Province of Canada, Legislative Assembly, Scrapbook Debates [Local Constitutions], 8th Parl, 5th Sess, (13 July 1866)

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Date: 1866-07-13
By: Province of Canada (Parliament)
Citation: Province of Canada, Parliament, Scrapbook Debates, 8th Parl, 5th Sess, 1866 at 45-47.
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FRIDAY, July 13th.


  • (p. 45)


The Speaker took the chair at 3 o’clock


After the transaction of routine business,


John A. Macdonald [Kingston, Attorney-General West]  stated that it was his intention to take up the question of the Local Governments, this evening at 8 o’clock.

Luther Holton [Chateauguay] said that since the last measures on the Confederation scheme was about to be submitted, it was time that the House should have a declaration from the government as to the promised measure on the education question of Lower Canada.

George-Étienne Cartier [Montreal East, Attorney-General East] stated that the measure would be submitted, but it would not take precedence of the resolution on the Local constitutions.

John Sandfield Macdonald [Cornwall] stated that if a measure was to be introduced on the education question and Lower Canada, the same privileges ought to be extended to Upper Canada. He would, move a resolution to that effect himself, though personally he would have been satisfied to leave it in the hands of the majority of each Province. Since, however, they had not been asked to do that it was only fair that equal privileges should be extended to the minorities in both sections.

George-Étienne Cartier [Montreal East, Attorney-General East] said in Lower Canada there were the Common Schools, which in […]


  • (p. 46)


[…] each municipality were the schools of the majority, whether Catholics or Protestants, and then Dissentient Schools, which were the schools of the minority, no matter to which religion they belonged. It had been complained that the minorities in Lower Canada had not the privileges which were enjoyed by the minority in Upper Canada, and it was to remedy the new bill was to be brought in.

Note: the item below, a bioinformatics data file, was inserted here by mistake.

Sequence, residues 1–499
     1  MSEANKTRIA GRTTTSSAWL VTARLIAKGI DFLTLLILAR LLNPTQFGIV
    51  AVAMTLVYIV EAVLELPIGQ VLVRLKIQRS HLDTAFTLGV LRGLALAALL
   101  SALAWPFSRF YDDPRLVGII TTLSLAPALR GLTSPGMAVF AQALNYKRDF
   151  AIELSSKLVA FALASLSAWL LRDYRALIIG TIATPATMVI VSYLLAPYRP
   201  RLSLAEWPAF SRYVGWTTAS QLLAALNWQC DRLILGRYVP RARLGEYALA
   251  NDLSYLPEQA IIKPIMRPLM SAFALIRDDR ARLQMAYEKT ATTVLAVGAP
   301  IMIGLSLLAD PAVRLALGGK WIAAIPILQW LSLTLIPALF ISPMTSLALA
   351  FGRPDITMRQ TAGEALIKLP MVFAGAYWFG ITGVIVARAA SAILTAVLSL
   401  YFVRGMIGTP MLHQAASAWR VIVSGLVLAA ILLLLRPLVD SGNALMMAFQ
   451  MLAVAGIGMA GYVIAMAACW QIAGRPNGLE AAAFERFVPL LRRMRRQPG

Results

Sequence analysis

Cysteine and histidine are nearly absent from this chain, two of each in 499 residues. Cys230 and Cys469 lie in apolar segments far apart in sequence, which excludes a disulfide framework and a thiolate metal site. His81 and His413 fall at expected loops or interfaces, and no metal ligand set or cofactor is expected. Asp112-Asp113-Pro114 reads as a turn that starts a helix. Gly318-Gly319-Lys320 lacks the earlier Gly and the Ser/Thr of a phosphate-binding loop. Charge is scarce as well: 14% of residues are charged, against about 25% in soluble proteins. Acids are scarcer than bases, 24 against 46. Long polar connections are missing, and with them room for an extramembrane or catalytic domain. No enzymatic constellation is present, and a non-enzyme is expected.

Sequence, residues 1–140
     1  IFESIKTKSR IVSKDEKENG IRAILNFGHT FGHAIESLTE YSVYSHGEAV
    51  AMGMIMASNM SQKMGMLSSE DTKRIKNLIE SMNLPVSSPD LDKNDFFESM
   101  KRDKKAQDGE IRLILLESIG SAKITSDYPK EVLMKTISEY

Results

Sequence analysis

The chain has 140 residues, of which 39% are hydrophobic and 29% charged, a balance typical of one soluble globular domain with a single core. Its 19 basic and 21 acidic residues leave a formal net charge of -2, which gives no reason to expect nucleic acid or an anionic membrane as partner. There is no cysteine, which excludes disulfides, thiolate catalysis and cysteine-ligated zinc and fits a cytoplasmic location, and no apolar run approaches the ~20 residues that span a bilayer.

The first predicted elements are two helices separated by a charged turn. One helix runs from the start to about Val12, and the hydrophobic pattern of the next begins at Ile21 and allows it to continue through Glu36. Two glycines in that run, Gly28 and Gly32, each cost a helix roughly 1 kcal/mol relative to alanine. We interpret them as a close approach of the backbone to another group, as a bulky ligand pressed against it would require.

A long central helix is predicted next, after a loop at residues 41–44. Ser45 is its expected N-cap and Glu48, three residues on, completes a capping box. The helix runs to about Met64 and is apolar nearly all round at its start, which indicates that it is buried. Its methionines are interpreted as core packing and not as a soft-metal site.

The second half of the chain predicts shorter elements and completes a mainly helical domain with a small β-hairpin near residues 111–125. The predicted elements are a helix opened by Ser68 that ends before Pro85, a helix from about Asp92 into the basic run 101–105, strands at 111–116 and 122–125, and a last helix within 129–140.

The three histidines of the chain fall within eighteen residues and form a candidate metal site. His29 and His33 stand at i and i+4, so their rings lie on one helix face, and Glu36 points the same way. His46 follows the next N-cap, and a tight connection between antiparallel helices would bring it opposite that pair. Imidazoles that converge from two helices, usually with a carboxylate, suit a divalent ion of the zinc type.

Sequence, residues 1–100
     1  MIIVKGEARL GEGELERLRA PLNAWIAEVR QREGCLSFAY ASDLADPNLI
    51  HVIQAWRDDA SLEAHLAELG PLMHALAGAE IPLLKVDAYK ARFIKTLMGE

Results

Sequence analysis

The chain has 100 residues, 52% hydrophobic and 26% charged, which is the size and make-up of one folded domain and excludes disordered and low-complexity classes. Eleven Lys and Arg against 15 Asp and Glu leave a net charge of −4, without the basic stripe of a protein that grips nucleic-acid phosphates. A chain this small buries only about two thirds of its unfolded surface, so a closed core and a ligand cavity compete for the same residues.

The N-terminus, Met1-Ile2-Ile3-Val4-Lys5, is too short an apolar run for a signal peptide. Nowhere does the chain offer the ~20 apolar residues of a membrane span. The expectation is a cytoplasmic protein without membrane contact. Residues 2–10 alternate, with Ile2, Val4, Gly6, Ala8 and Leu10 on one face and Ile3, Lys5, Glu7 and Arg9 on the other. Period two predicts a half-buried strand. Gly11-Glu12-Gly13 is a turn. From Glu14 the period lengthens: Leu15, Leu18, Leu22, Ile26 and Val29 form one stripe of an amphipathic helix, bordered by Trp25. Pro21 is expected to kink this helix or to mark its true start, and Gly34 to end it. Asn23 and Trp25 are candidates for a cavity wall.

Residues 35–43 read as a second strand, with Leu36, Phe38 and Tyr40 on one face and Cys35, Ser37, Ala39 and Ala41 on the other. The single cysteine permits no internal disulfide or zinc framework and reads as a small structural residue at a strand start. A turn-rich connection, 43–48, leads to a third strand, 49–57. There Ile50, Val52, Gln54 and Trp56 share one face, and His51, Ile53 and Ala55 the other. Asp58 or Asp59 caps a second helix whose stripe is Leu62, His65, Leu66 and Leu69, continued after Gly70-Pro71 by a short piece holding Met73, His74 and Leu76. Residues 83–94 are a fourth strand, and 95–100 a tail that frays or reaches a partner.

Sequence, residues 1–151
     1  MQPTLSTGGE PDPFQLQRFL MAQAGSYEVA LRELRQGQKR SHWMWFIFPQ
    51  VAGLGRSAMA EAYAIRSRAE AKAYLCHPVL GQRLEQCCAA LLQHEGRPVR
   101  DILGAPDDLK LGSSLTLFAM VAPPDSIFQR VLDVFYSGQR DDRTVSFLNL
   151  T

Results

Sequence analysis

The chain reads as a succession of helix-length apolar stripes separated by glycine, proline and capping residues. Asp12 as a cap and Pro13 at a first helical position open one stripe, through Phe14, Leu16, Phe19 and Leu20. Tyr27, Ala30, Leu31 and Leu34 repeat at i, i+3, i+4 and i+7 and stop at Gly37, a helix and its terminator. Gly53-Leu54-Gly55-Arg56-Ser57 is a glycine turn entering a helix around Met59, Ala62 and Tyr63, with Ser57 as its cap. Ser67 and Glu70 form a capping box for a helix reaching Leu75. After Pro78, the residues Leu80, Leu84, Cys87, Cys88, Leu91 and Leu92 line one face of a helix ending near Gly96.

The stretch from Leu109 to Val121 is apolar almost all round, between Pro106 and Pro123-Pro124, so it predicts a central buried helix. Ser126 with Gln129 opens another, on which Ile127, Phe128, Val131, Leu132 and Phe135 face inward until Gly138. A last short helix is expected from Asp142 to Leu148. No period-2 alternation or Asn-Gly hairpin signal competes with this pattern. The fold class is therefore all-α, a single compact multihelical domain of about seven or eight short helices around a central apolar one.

Further discussion took place as to the time when the measure should be brought down, some contending that it ought to have taken precedence of the question of the Local constitutions.


George-Étienne Cartier [Montreal East, Attorney-General East] stated that the resolutions of the Local constitutions would not go to a third reading until after the education bill had been brought down. The Protestants might rely upon it that he would see they received every justice in that measure.

John Cameron [Peel] expressed his satisfaction with the explanation of the Attorney-General East [George E. Carter], and felt sure they would be satisfactory to the people of Upper Canada, who desired to see the same privileges extended to their Protestant minority of Lower Canada as those enjoyed by the Catholic minority of Upper Canada.

Antoine-Aimé Dorion [Hochelaga], after referring to the educational question, proceeded to ask the government whether it was their intention to bring forward their promised bill to amend the election law.

John A. Macdonald [Kingston, Attorney-General West]  said the question was now receiving all the attention which the demands upon his time would permit. He hoped to be able to bring forward the measure at an early day, and would be happy to have the assistance of the hon. member of amending it, if it were found defective.

The following bills were read a third time, and passed:


To amend Chapter 24, of the Consolidated Statutes of Canada, relating to Patents of Invention. —Hon. Mr. McGee.

Respecting the Court of Queen’s Bench for Lower Canada. —Atty.-Gen. Cartier.

To amend the Act incorporating the cure of the Parish of Notre Dame de Quebec—Hon. Mr. Langevin.

For indemnifying the members of the Executive Government and others, for unavoidable departure from the provisions of the Audit Act, occasioned by the necessity of maintaining a large Militia Force on active duty on the frontier in the years 1865 and 1866. —Hon. Mr. Galt.

To authorize William John Bickell to construct a Bridge over the River St. Charles (and amendments. —Mr. Huot.

To incorporate the Town of St. Ours. —Mr. Perrault.

To amend the Act 27-28 Vic., chap. 71, intituled “An Act to incorporate the Board of Trade of the City of Hamilton.” —Mr. Magill.

To incorporate the Canadian Rubber Company of Montreal. —Hon. Mr. Rose.

To amalgamate the Western Counties Permanent Building and Savings Society with the Huron and Erie Savings and Loan Society. —Hon. Mr. Carling.